NYTimes on Clarence Thomas and Harlan Crow

When NYTimes reporter Mike McIntire emailed me a couple of weeks ago saying that he wanted to get my thoughts on the friendship between Harlan Crow and Clarence Thomas, I told him I didn’t know anything about it — and I don’t, except for what McIntire wrote yesterday. McIntire contacted me because of a post I put up during the convention hotel fight entitled “Who is Harlan Crow and Why Are People Saying All Those Mean Things About Him?”

McIntire did a good job, I think, and it was worth reporting on, because the friendship is unusual. He may have stretched his case a little in trying to find an ethical lapse by noting that Crow entities have had four cases before an appellate court and that AEI, of which Crow is a board member, gave Thomas an award worth $15,000. I call those a stretch because there’s not a business in America, including this one, that hasn’t been before one of the lower appellate courts, and because board members have as little to do with making awards at think tanks like AEI as summer interns. Still, it was a piece that needed to be written, and McIntire seems to have covered all the bases.

It’s the reaction that interests me.

The liberal blogosphere — predictably — has gone berserk. Ian Millhiser at Think Progress thinks Thomas is another Abe Fortas and, like Fortas, ought to resign. Part of the reaction is understandable. If the shoe were on the other foot, if Justice Stepehen Breyer had been caught paling around with George Soros, the right-wing blogosphere would be shouting to high heaven.

But the comparison to Fortas in inapt, which is probably why McIntire didn’t raise it himself. Fortas was known as a greedy lawyer before LBJ appointed him to the Court and before he took a $20,000 gift ($123,000 in today’s dollars) from swindler Harold Wolfson. The appointment as Chief Justice  itself was seen as a payoff: LBJ biographer Robert Caro identified Fortas as the key strategist in stealing the 1948 Senate election for Johnson. (When the Wolfson gift became public, the calls for Fortas’s resgination were led by Sen. Walter Mondale.)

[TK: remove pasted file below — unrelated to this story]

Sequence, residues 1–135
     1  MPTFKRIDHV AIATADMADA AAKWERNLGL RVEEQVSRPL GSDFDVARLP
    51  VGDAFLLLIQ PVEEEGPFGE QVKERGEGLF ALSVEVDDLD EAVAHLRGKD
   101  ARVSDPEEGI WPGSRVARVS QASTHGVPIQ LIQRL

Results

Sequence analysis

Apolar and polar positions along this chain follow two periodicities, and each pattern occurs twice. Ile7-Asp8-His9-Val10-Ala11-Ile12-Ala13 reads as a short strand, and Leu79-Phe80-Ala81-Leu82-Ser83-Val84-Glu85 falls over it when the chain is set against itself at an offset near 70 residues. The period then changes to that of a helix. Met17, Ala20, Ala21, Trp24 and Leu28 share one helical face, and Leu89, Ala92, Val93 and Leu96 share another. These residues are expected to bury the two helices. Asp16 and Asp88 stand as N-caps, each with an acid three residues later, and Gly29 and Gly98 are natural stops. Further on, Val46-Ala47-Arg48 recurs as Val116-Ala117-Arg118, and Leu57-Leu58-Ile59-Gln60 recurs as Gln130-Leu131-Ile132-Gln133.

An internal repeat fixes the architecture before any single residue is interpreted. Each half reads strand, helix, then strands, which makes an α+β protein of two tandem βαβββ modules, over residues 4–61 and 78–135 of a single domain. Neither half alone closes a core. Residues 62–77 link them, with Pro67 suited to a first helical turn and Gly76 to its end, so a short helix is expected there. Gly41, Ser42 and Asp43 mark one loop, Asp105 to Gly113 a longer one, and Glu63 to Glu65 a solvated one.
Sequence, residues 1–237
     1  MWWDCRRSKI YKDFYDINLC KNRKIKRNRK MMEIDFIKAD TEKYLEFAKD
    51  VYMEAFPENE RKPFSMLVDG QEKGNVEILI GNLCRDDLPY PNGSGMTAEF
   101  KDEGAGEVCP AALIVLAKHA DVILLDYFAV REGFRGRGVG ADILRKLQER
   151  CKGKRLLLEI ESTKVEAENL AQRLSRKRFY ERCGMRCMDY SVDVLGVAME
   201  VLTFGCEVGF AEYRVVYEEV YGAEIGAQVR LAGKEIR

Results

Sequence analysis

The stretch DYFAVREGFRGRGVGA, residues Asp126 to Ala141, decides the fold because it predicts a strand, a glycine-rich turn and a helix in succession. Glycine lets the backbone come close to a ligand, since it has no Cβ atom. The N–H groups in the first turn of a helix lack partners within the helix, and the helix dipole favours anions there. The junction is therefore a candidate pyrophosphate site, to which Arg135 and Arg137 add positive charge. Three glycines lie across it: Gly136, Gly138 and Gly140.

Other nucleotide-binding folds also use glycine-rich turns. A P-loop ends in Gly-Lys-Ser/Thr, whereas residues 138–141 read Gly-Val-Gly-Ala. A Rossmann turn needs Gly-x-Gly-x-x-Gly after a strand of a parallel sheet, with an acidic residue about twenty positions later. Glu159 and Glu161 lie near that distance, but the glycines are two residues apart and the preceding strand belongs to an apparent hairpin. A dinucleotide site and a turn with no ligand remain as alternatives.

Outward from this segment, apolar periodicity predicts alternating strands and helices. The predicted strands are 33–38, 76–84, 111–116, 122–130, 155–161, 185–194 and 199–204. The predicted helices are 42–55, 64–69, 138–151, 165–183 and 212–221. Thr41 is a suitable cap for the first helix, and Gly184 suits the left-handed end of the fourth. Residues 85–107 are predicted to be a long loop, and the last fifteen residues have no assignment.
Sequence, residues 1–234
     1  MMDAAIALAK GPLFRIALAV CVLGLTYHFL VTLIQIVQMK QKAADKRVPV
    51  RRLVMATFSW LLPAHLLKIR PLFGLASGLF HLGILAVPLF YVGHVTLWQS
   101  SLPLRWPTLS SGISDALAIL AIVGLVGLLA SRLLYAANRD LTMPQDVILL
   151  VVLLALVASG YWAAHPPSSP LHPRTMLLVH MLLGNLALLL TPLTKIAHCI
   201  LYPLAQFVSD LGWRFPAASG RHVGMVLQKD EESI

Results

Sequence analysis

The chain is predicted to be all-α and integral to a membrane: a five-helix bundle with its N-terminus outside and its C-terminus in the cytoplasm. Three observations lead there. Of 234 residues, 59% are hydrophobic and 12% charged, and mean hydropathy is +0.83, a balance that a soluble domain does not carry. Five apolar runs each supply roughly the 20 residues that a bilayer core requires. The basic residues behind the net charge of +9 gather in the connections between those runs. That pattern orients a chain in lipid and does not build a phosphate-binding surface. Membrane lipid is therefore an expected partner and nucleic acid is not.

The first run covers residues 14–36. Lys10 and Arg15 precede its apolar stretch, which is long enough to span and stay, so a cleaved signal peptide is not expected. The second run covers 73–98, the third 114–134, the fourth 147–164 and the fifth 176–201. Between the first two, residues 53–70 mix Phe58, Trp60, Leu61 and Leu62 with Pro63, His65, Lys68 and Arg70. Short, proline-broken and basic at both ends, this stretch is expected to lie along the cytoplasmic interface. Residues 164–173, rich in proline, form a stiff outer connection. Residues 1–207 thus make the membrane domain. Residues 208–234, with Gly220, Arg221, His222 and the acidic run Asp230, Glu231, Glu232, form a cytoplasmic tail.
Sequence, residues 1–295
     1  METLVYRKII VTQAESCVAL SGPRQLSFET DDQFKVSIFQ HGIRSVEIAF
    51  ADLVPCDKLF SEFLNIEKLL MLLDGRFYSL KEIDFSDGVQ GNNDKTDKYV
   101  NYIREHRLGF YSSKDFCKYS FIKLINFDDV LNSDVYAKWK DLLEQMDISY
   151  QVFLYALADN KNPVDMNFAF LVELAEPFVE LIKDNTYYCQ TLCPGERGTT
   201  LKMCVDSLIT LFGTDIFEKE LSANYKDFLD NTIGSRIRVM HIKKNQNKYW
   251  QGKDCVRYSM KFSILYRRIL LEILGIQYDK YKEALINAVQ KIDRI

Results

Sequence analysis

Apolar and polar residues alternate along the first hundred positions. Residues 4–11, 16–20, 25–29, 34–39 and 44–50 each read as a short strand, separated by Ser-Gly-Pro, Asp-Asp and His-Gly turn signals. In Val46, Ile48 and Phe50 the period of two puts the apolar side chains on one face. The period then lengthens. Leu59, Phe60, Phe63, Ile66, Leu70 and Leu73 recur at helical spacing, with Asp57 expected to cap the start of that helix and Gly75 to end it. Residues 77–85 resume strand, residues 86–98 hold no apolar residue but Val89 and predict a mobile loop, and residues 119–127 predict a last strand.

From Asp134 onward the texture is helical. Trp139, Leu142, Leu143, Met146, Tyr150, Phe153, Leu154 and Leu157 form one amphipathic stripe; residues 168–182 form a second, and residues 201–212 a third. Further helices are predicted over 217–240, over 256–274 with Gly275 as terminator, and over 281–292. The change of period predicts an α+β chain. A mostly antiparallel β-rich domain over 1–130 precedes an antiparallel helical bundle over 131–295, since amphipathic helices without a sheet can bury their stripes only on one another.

If there is anything that bothers me in the points McIntire raises, it is Ginny Thomas’s political fundraising. Last year I wrote a column entitled “How to Bribe a Politician: Pay the Spouse.” Half of Washington knows this trick. Tom DeLay pioneered it when he started a foundation, told big donors to give money to it, and put his wife and daughter on its payroll.  Others like Newt Gingrich soon followed suit. It may now be seem as standard operating procedure by DC types, but it is a sleazy maneuver, and at the very least public officials should be subject to full disclosure of their entire household income.

If you share my misgivings on that score, it still doesn’t come close to making Clarence Thomas an Abe Fortas. Nor does Harlan Crow’s financing of a museum in Thomas’s hometown. As McIntire makes clear, there is no suggestion that Crow has ever given money directly to Thomas or that he has ever solicited anything from him.

The NYTimes, in fact, has done both men a favor. By bringing their friendship to the light of day and examining it from every possible external angle, it has cleared the air of suspicion. What I would love to learn is the internal story, how the friendship between the son of a sharecropper and the son of one of the nation’s richest men came about. Maybe someday both men will open up to a biographer who can tell that story. That’s the one I would love to read.

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